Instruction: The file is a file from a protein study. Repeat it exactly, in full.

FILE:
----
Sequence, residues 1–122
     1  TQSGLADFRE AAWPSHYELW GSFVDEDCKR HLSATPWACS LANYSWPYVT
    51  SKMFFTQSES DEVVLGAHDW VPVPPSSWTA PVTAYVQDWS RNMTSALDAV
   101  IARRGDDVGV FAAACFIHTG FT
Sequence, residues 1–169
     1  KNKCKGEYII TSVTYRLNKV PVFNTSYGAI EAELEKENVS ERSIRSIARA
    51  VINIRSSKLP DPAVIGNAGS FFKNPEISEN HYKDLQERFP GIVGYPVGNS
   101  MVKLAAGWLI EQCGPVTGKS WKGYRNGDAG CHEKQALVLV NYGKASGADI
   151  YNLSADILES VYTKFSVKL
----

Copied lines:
Sequence, residues 1–122
     1  TQSGLADFRE AAWPSHYELW GSFVDEDCKR HLSATPWACS LANYSWPYVT
    51  SKMFFTQSES DEVVLGAHDW VPVPPSSWTA PVTAYVQDWS RNMTSALDAV
   101  IARRGDDVGV FAAACFIHTG FT
Sequence, residues 1–169
     1  KNKCKGEYII TSVTYRLNKV PVFNTSYGAI EAELEKENVS ERSIRSIARA
    51  VINIRSSKLP DPAVIGNAGS FFKNPEISEN HYKDLQERFP GIVGYPVGNS
   101  MVKLAAGWLI EQCGPVTGKS WKGYRNGDAG CHEKQALVLV NYGKASGADI
   151  YNLSADILES VYTKFSVKL